2020 will be a successful year for hackers warns Deep Instinct CEO
Guy Caspi compares cyberattacks to the spread of Covid-19, says new tech works like a vaccine to prevent harm
“The difference between the traditional methods of cybersecurity—like firewalls or antiviruses—and today’s advanced technologies are similar to the war on Covid-19: threat detection as opposed to threat prevention,” Guy Caspi, co-founder and CEO of Deep Instinct Ltd. told Elihay Vidal at Calcalist’s online Cyber conference. “It is like the difference between giving people vaccines to prevent the disease and just detecting that they have been infected by it. Detection is important, but not important enough. It’s the same way in the cyber industry—the old technologies detect the threat, but our new tools deal with prevention. A moment before you get infected, we can tell you that there was an attempt that we thwarted and who the attacker is.”
Caspi points out another parallel between where the world is today, at the height of dealing with the coronavirus pandemic, and the cyber world. “Waves of cyberattacks always follow periods of global crisis, since there are so many other significant issues to cope with. Without a doubt, 2020 will be a very successful year for hackers,” he predicted.
Deep Instinct develops an information security solution based on artificial intelligence and deep learning. Caspi said that the shift to work from home has had an impact on the number of cyberattacks taking place. "Working from home forces us to consume digital services in dozens of applications from the cloud thus providing increased access to hackers. If until now you were in a protected environment in the morning at work and also in the evening from home - now the challenges are new," Caspi said.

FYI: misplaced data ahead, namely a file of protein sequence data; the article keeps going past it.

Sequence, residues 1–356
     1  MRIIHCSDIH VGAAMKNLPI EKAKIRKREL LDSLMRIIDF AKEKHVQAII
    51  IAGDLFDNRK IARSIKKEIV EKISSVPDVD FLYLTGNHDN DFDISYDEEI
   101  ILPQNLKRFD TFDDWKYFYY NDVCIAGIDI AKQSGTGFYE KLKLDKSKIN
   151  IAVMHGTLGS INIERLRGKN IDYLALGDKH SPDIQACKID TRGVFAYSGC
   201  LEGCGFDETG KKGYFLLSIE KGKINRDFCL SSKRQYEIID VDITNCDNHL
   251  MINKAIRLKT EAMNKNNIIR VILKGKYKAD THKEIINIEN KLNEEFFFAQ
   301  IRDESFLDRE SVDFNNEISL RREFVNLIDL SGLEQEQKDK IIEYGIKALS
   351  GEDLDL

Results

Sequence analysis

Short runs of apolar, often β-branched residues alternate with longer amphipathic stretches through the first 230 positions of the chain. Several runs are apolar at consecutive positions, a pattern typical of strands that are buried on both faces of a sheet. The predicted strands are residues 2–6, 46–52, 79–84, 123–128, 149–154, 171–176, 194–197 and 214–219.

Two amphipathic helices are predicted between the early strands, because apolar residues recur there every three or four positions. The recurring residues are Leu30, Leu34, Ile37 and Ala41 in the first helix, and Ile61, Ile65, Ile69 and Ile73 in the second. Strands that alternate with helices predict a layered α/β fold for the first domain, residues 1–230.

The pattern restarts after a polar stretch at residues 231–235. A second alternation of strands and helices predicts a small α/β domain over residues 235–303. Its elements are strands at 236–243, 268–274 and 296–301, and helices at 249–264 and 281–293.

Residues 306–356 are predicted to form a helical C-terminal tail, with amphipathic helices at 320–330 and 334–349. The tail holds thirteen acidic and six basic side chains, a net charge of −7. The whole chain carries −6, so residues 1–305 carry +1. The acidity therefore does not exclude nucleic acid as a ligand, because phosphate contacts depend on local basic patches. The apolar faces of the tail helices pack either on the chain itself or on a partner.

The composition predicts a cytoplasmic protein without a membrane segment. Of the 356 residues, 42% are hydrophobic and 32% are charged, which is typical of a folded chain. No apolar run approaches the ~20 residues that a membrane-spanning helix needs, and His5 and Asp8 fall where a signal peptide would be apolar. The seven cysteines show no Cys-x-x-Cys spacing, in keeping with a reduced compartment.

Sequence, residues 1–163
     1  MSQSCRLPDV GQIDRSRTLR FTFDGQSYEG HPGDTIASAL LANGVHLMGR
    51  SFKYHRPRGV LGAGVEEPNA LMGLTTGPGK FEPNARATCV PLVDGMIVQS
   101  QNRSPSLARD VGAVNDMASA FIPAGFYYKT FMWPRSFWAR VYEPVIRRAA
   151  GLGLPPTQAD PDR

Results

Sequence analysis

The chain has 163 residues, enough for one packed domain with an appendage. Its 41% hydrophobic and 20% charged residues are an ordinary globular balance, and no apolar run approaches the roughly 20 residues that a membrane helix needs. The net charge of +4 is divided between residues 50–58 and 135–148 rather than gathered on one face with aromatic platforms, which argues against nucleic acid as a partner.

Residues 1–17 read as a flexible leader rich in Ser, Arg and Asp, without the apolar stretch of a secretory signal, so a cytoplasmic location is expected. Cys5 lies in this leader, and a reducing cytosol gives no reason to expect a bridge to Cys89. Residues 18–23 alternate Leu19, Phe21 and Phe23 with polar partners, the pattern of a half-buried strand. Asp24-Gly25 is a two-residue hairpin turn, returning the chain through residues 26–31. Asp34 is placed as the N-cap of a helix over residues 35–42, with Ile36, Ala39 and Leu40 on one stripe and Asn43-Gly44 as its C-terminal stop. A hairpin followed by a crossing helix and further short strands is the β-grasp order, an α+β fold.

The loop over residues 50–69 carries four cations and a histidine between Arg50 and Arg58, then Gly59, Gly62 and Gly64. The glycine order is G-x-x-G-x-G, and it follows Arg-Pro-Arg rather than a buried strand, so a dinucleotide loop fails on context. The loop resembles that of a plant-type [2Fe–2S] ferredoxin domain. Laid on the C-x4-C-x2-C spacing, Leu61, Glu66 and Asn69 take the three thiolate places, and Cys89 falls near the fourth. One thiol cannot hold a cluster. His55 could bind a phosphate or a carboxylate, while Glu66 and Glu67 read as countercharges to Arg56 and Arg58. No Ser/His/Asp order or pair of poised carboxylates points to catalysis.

Deep Instinct CEO Guy Caspi. Photo: Nofar Hasson Hendelman
The Israel-based company raised $43 million in a series C round of funding before the pandemic hit earlier this year. The financing was led by New York-based Millenium New Horizon and London-based Unbound and participated by LG and NVidia, who also participated in the series B round. “We work within organizations and provide computer solutions for computers, operating systems, tablets, networks, and phones. At the heart of our system is a neural network that is trained to detect cyber threats and differentiate them from normal activities so we protect not only the door but all the windows, the back doors and the underground trap door too,” Caspi said. He added that in the U.S. apart from the coronavirus that is rapidly spreading there is also a surge in ransomware attacks, which are paralyzing entire organizations.
"There is a significant war going on between the superpowers and at least 15 countries are involved in cyber games. This war is directly impacting the business world and its effects trickle down to criminal organizations, anarchists, and hackers. You can see the impact of cyber wars between countries on the type of attacks, their frequency, and their quality,” Caspi said.